Hanging Gardens of Medusa: The first stratospheric sky garden with proto life
Professor of experimental architecture Rachel Armstrong has created the first stratospheric sky garden with proto life
Professor of Experimental Architecture Rachel Armstrong has created the first stratospheric sky garden and platform for the cultivation of 'artificial life'.
The Hanging Gardens of Medusa is a collaboration between Rachel Armstrong, Senior TED Fellow and Professor of Experimental Architecture at Newcastle University, with Nebula Sciences.
A perspective over the biological Falcon garden towards the curvature of the earth that is foregrounded by suspended fleshy cacti
Put simply, the sky garden involves a collection of cacti, and '"proto" artificial life forms' floating at approximately a hundred thousand feet above the Earth's surface.
The Falcon garden, the highest tier, taking off
The concept of the Hanging Gardens of Medusa is to challenge our capacity to survive in extreme environments, whereby we are essentially preparing for not only the hostile terrains of space, but also for the unfavourable conditions on Earth.
The first test flight occurred 15 August 2015. The gardens travelled by helium balloon into the atmosphere, where they aimed to reach conditions replicating that of a Martian environment - extreme temperature, pressure and different bands of UV radiation.
The Falcon garden, the highest tier, climbing
The sky garden is comprised of two gardens that are supported by artificial 'soil': the Falcon is the higher tier and contains biological organisms and the Medusa is the lower tier and proposes an environment for alternative future life forms that involve self-assembling chemistries.
The Hanging Gardens of Medusa are inspired by the short story 'Meeting with Medusa' by Arthur C Clarke that is set in Jupiter's atmosphere. The story poses questions about building infrastructures that allow humans to live outside of their home planet for extended periods of time.
The Medusa garden - the artificial life form that Armstrong and the team are proposing as an alternative strategy for survival in hostile environments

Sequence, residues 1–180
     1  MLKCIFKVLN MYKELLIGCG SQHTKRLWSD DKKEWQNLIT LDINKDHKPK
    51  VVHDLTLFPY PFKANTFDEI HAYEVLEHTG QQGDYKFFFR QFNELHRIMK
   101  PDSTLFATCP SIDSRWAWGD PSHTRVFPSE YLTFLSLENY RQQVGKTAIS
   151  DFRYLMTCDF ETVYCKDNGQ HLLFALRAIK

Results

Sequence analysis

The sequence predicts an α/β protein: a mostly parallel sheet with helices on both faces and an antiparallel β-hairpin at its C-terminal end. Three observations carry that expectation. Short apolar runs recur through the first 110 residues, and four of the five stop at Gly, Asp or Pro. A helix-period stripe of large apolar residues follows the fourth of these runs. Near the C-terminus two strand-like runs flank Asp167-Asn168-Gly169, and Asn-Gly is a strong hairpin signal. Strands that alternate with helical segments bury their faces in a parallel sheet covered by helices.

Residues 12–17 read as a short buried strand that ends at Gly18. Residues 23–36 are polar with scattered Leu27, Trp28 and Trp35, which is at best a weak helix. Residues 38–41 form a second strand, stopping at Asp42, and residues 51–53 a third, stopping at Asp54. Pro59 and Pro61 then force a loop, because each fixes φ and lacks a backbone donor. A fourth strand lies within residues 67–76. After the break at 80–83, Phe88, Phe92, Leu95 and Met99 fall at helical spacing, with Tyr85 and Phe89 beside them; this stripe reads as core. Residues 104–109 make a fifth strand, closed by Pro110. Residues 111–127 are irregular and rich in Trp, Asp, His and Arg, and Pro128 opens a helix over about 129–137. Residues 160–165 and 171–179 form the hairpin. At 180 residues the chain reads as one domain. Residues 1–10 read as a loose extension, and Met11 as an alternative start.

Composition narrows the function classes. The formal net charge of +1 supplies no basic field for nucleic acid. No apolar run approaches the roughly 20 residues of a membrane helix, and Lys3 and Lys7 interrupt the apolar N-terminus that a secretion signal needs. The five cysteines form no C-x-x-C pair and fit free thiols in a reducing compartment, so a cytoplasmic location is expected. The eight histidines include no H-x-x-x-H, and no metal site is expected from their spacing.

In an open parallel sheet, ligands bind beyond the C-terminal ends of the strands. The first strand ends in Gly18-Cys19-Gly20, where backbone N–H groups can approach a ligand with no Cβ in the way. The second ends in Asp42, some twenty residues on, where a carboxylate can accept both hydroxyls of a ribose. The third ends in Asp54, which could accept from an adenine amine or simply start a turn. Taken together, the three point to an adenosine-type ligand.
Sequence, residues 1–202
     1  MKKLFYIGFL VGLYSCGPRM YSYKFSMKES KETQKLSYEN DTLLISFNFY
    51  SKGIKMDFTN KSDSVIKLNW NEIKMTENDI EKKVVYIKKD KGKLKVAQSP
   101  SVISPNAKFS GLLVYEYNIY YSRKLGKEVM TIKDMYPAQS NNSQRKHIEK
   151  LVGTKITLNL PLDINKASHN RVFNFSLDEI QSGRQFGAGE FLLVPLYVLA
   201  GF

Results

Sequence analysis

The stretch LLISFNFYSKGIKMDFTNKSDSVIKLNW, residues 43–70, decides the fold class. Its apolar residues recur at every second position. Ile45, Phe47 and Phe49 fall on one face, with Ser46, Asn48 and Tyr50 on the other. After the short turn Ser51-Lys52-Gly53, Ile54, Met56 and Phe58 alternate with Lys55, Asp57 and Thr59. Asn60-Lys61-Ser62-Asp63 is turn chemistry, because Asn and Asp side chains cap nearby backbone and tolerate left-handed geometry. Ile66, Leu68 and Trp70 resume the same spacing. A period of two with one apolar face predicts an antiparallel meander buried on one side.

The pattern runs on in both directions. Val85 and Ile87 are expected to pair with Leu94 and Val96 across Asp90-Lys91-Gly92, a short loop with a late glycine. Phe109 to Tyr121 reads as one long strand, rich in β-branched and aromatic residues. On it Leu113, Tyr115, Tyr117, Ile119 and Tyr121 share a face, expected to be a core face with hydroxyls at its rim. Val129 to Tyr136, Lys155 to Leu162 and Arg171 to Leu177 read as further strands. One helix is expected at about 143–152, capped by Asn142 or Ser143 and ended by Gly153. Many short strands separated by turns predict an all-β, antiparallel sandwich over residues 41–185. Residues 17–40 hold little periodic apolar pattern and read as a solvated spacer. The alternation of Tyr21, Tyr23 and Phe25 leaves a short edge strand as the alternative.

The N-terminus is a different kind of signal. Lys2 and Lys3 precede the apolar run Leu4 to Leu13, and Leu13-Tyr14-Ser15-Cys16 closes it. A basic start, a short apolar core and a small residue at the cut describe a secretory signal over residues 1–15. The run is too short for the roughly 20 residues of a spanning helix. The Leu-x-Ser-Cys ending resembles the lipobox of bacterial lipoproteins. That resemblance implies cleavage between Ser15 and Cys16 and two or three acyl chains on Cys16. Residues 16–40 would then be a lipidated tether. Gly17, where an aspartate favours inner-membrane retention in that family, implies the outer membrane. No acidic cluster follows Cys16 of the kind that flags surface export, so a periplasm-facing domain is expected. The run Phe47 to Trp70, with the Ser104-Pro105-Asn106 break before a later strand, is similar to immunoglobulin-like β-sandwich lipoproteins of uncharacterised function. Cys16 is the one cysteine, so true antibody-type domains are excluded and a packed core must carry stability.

Professor Armstrong said:
'Like the Hanging Gardens of Babylon, this tiered garden in the upper atmosphere establishes an iconic platform for the science and art of cultivation. Uniquely, the stratospheric platform is able to battle it out against the odds of survival in a hostile environment'.
'How do the extreme environments that we currently face change the rules of survival?' she continued.
The sealed Medusa garden - a liquid garden of protocells
In commenting on the flight Professor Armstrong said: 'The Hanging Gardens of Medusa aims to promote further thought and conversation to develop strategies that increase our survivability in new spaces and worlds.
The Falcon garden, the highest tier
'It provokes discussion about pressing issues for our own planet, which is suffering the ravages of global industrialization and from the impacts of harvesting natural resources without replenishing them. These are being conducted at such a scale and with such intensity, they are reverse-terraforming our planet.'
The formal launch will occur at the end of August, stay tuned for the results.
The Medusa garden
Name: Hanging Gardens of Medusa: The first stratospheric sky garden
Launch location: Central Valley, CA, USA.
Date: Saturday 15th August 2015
Time: (6pm PST)
Rachel Armstrong, Professor of Experimental Architecture, Newcastle University, UK
Sam Harrison - Founder Nebula Sciences, Lead engineer (Hanging Gardens of Medusa)
Andrey Sushko - Lead hardware engineer Nebula sciences (Hanging Gardens of Medusa)
Ian Gomez - Flight mechanics advisor Nebula Sciences (Hanging Gardens of Medusa)
Daniel Parker - Operations coordinator Nebula sciences (Hanging Gardens of Medusa)
Aria Tedjarati - Lead software engineer (Volunteer) (Hanging Gardens of Medusa)
Peter Hoare - Chemistry outreach officer, Newcastle University, UK
David J Smith PhD - Advisor Nebula Sciences
Richard Osborne - Near space engineering consultant
Kelvin F Long - Lead technical Advisor, Nebula Sciences
Main image: The Falcon gardens cacti against the sunset
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